The third reason this has not had any effect on the total number of claims under 2 years duration, and thus assessed under the new test, is that the total number of new claims has risen from around 130,000 per quarter in 2008 to around 160,000 now. This is almost certainly as a result of the recession but past experience suggests it will take quite a long time to abate fully. So, between 1 and 2 years duration we now have the first quarter of data that is fully under the new regime. After all the assessment and appeals have been completed we can derive that the number of claims has fallen to 206,000 from about 235,000 prior to the reform. This is around 12% lower, but this is currently offset by shorter duration claims. As time progresses and the impact of the recession diminishes the new ESA tests will make a clearer difference to the total number of claims. However, it will be a long time before this is very visible. What will be more important over the next 3 years will be the re-testing of existing IB claimants, as well as the removal of eligibility to ESA for those claiming for more than 1 year and who are not eligible for means tested benefits.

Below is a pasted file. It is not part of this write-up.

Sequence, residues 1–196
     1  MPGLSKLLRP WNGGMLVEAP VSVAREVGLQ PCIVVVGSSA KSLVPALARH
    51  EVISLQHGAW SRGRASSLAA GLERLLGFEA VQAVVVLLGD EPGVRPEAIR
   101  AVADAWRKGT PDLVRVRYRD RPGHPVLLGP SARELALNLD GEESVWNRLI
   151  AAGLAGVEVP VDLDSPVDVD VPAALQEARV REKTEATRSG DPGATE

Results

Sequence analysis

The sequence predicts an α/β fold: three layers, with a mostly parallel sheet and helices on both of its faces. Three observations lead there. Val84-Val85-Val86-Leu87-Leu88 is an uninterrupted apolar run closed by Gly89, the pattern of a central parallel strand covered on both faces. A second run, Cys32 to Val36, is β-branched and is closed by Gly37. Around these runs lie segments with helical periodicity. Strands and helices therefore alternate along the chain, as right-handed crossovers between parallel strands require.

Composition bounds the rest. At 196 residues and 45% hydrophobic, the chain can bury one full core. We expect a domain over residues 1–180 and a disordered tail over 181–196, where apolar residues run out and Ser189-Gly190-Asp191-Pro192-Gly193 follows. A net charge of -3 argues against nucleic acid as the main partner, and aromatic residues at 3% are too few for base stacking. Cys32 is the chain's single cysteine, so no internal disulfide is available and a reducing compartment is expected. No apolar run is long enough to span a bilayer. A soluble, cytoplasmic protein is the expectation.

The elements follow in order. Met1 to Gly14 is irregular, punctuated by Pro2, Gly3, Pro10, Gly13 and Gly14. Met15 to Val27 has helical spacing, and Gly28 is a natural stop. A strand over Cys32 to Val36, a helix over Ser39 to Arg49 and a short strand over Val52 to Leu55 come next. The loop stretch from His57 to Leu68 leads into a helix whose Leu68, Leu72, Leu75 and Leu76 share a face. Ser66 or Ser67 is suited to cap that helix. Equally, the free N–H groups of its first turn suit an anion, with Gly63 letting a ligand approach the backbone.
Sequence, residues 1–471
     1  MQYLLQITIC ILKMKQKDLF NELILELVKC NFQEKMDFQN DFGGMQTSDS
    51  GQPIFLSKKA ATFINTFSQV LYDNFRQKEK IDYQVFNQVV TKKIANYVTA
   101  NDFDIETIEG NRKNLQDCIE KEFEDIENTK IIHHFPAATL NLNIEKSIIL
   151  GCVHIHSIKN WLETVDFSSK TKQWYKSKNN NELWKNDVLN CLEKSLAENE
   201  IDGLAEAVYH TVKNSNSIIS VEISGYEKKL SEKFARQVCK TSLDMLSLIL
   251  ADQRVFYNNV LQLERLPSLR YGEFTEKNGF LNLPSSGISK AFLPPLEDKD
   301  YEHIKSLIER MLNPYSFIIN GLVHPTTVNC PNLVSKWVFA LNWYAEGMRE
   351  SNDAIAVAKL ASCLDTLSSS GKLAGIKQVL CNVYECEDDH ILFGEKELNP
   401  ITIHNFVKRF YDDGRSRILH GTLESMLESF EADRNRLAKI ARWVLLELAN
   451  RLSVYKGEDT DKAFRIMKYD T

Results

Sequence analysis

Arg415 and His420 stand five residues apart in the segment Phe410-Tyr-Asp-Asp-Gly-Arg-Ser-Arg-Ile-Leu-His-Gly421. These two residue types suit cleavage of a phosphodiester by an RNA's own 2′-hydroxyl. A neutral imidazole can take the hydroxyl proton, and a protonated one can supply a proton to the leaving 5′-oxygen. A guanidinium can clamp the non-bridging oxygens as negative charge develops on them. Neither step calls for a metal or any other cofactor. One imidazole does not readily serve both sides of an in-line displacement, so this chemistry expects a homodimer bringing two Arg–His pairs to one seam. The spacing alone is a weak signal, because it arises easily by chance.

Figure 1 Proportion of Claims of 0-13 weeks duration that are still live after intervals specified